Gay suggests that he has figured out how time actually works, and so he now puts in half an many hours and gets twice as much done. The manner in which he says it drove me crazy, but the essence rings true for me: when I say “I don’t have time to do that right now”, often what I really mean is, “it’s not important enough for me to put it on the top of the to do list”. The Big Leap suggests that “I am the source of both the time and the pressure to be on time.” So, perhaps I need do as Elsa does, and let it go sometimes!
As I was reflecting on this book, I came back to the things that Summer talks about that help her to find her Zone of Genius – the balance in her life of connection, gratitude and grit. This balance sits better with me than assuming I need to deserve money, love and success in order for it to arrive, as Summer’s approach allows me to connect with and support other people, rather than take an individualistic, hedonistic approach to my own success above all else. Money doesn’t always come to those who work hardest, want it the most, or are doing their very best.
But connection, gratitude and grit are something we can all use more of in our lives, and I think they can help us as we move closer to our mama leader Zone of Genius.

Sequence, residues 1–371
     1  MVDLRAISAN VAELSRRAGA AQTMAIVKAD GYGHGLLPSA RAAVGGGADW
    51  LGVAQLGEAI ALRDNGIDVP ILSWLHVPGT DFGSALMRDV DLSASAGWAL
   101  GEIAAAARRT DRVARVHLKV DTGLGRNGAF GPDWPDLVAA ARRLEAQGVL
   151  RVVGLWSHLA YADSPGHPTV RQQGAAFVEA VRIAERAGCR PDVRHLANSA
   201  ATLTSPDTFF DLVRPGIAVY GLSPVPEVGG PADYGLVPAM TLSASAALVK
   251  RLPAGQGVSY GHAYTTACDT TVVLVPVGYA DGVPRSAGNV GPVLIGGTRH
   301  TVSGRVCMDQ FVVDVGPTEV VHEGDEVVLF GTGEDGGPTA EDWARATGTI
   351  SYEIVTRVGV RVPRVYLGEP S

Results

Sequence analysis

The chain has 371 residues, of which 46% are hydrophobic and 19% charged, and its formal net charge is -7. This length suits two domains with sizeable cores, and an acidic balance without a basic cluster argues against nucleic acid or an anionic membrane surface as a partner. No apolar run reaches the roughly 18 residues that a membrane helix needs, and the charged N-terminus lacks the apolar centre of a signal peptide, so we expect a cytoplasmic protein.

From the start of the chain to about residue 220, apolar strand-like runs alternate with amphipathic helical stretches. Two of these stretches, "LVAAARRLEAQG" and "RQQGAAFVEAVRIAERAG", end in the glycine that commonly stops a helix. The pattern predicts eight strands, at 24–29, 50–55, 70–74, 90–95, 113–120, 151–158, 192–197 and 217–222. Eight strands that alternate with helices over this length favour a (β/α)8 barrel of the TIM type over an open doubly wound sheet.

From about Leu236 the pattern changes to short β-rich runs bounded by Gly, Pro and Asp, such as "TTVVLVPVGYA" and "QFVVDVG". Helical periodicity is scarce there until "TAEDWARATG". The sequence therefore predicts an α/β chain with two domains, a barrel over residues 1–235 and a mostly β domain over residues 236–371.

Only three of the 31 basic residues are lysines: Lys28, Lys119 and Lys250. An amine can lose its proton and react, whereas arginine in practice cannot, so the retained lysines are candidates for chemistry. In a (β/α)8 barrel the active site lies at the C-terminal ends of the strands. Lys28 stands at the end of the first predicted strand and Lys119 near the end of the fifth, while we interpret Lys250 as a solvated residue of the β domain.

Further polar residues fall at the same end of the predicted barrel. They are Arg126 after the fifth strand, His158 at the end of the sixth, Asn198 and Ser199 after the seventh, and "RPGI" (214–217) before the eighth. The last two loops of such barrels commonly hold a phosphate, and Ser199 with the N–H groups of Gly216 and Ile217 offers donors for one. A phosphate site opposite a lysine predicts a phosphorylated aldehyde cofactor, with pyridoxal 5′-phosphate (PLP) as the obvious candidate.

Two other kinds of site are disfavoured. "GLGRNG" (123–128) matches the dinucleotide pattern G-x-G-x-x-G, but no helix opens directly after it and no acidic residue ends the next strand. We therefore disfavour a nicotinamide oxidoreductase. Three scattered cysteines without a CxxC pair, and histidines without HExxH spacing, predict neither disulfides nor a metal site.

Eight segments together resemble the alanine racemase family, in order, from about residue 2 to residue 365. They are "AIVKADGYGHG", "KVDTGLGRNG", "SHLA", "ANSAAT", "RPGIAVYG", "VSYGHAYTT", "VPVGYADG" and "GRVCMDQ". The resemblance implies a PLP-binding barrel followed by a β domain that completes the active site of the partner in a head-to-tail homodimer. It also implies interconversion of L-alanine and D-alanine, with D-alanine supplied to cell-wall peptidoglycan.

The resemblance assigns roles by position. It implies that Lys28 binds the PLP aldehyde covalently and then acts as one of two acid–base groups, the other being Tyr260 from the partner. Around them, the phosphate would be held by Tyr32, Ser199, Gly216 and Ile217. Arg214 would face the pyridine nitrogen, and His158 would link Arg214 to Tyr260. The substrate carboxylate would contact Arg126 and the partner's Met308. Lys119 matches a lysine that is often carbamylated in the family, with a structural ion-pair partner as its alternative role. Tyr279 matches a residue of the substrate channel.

Take the topic further
- If you want to explore the ideas of the “Upper Limit Problem” or finding your “Zone of Genius, The Big Leap is a quick read. Although the tone was grating for most of our book group readers, many also found the concepts helpful and are applying them in their own leadership journey
- For examples of how to find courage and bravery that are easier to relate to, you might prefer Daring Greatly by Brene Brown, who is herself a mama leader
- Act Like a Leader Think Like a Leader by Herminia Ibarra discusses leadership in the workplace, and why we need to act like a leader before we feel confident in our own leadership skills. This is the only way to eventually think (and feel like a leader)
- The Confidence Gap by Russ Harris offers tangible strategies grounded in mindfulness to help you recognise and overcome your own negative self talk, and find the confidence to step into your potential